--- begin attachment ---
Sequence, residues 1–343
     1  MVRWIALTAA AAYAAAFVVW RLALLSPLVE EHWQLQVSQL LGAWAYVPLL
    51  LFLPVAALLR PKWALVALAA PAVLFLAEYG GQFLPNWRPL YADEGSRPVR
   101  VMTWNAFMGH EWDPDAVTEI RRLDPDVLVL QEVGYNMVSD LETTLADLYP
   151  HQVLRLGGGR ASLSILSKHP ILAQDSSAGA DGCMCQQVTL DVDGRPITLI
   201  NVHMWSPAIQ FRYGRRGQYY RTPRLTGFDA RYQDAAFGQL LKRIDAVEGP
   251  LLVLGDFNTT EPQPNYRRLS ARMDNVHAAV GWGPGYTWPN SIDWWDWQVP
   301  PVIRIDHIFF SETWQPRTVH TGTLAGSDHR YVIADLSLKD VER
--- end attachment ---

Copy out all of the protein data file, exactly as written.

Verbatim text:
Sequence, residues 1–343
     1  MVRWIALTAA AAYAAAFVVW RLALLSPLVE EHWQLQVSQL LGAWAYVPLL
    51  LFLPVAALLR PKWALVALAA PAVLFLAEYG GQFLPNWRPL YADEGSRPVR
   101  VMTWNAFMGH EWDPDAVTEI RRLDPDVLVL QEVGYNMVSD LETTLADLYP
   151  HQVLRLGGGR ASLSILSKHP ILAQDSSAGA DGCMCQQVTL DVDGRPITLI
   201  NVHMWSPAIQ FRYGRRGQYY RTPRLTGFDA RYQDAAFGQL LKRIDAVEGP
   251  LLVLGDFNTT EPQPNYRRLS ARMDNVHAAV GWGPGYTWPN SIDWWDWQVP
   301  PVIRIDHIFF SETWQPRTVH TGTLAGSDHR YVIADLSLKD VER